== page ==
Air Force Unit Blows Up Navy Projectiles Damaged in Montana Crash

An explosive ordnance disposal member stands in front of an EOD vehicle during a controlled explosion display at Ellsworth Air Force Base, S.D., Nov. 14, 2016. (U.S. Air Force photo/James L. Miller)
An explosive ordnance disposal member stands in front of an EOD vehicle during a controlled explosion display at Ellsworth Air Force Base, S.D., Nov. 14, 2016. (U.S. Air Force photo/James L. Miller)

HELENA, Mont. — An Air Force bomb disposal unit blew up dozens of damaged projectiles along a rural Montana highway and recovered hundreds more after a truck hauling Navy weapons was in a crash earlier this month, military officials said.

The crash involving the military truck and two commercial trucks happened in severe winter conditions on Feb. 11 on U.S. Highway 212 in southeastern Montana. Details about the truck's cargo were only released this week by 28th Civil Engineer Squadron Explosive Ordnance Disposal team based in Ellsworth Air Force Base, South Dakota.

The truck was carrying a shipment of U.S. Navy-owned military munitions and traveling after dark in blowing snow along the snow-covered roadway surrounded by ranchland, military and Montana Highway Patrol officials said. The crash happened on a hillcrest near a curve, when one truck crossed the centerline of the highway and struck another truck heading in the opposite direction, patrol Sgt. Dan Martin said Friday.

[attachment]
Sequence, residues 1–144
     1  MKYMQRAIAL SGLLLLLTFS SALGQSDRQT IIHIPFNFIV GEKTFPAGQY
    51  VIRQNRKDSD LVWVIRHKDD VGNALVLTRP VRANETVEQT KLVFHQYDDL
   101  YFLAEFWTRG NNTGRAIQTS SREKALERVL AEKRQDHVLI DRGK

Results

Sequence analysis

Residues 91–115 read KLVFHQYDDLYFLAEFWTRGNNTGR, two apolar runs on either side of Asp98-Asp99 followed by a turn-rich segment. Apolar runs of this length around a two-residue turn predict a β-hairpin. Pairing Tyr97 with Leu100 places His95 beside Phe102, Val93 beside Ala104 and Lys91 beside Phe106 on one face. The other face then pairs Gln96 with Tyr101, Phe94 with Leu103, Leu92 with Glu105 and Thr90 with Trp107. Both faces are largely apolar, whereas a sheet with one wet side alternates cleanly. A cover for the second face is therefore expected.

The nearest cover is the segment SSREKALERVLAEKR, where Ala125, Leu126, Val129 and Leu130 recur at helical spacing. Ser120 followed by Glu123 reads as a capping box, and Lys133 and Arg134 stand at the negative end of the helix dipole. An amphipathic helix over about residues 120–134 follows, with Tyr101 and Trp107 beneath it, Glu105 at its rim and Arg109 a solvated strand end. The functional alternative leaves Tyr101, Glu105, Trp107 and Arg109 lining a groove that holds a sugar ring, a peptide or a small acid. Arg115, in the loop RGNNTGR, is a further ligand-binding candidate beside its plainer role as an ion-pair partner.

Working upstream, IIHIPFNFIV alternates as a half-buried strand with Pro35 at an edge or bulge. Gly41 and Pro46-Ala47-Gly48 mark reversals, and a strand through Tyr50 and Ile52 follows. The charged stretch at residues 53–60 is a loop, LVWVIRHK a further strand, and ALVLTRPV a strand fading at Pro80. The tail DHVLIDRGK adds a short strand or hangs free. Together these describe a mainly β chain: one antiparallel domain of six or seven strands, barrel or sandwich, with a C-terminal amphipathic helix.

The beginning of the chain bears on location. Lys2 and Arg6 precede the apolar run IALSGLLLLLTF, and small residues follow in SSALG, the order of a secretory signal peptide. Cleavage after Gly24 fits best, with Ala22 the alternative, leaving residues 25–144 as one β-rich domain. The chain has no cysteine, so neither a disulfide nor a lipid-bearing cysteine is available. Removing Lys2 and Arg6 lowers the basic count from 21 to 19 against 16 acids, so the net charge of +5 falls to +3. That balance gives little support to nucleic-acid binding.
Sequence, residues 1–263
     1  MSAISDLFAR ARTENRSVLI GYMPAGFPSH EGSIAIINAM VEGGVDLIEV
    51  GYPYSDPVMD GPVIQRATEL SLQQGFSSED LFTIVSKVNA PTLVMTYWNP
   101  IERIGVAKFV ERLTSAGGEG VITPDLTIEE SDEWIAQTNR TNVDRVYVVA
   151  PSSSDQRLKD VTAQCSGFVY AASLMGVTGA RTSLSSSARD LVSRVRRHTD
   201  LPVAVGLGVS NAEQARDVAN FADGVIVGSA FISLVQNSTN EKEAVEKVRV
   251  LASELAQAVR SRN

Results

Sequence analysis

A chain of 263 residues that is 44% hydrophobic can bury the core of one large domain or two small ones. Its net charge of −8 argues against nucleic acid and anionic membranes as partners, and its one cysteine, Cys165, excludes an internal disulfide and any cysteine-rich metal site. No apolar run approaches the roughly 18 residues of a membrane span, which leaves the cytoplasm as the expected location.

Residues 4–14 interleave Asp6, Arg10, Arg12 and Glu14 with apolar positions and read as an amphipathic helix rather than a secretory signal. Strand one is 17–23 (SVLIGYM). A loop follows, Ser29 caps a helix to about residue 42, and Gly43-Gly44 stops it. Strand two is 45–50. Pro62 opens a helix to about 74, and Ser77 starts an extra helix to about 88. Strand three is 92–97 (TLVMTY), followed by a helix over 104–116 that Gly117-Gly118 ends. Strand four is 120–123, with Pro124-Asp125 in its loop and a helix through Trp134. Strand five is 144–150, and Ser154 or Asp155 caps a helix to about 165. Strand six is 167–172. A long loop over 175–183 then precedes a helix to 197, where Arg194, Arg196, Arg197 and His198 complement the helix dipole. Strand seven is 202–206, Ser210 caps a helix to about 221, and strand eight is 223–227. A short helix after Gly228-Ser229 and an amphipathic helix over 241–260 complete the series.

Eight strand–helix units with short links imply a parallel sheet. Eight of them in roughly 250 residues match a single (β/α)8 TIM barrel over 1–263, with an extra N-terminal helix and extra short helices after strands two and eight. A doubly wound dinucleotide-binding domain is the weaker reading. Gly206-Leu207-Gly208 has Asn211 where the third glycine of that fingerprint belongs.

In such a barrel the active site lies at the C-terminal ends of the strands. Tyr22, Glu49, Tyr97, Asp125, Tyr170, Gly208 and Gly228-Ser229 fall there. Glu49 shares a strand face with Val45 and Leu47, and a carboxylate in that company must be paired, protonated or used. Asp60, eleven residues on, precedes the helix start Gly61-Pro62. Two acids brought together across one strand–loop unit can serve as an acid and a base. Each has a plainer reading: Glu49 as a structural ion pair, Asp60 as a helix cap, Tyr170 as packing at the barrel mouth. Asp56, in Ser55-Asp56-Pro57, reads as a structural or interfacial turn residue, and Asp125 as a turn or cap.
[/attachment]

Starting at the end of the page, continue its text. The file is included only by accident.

A third truck then crashed into the first two and ended up in a ditch. No injuries or property damage was reported.

The six-member disposal unit was called to the scene and used 128 pounds (58 kilograms) of explosives to detonate 60 hazardous munitions that were damaged, Air Force Lt. Daniel Rosenfield said. The unit recovered 420 other projectiles.

"All damaged projectiles were disposed of by detonating the hazardous munitions near the site of the vehicle accident," Rosenfield said. "There are no known environmental impacts as a result of the accident. Throughout the cleanup process, responding Airmen took the potential threats to life and environment seriously."

Rosenfield referred a query for details about the projectiles to Navy officials, who did not respond to an email requesting comment.

Martin said Department of Defense officials sealed off the crash site and didn't let the trooper who responded near the trucks.

"He wasn't allowed to go in and touch the vehicles because DOD said they don't want anyone in there," Martin said. "Once DOD got done with what they needed to do, the vehicles were retrieved by tow companies."

The driver who crossed the center line was cited for causing the crash. Martin declined to identify the driver, but said it was not the person who was transporting the munitions.

This article was written by Matt Volz from The Associated Press and was legally licensed through the NewsCred publisher network. Please direct all licensing questions to legal@newscred.com.

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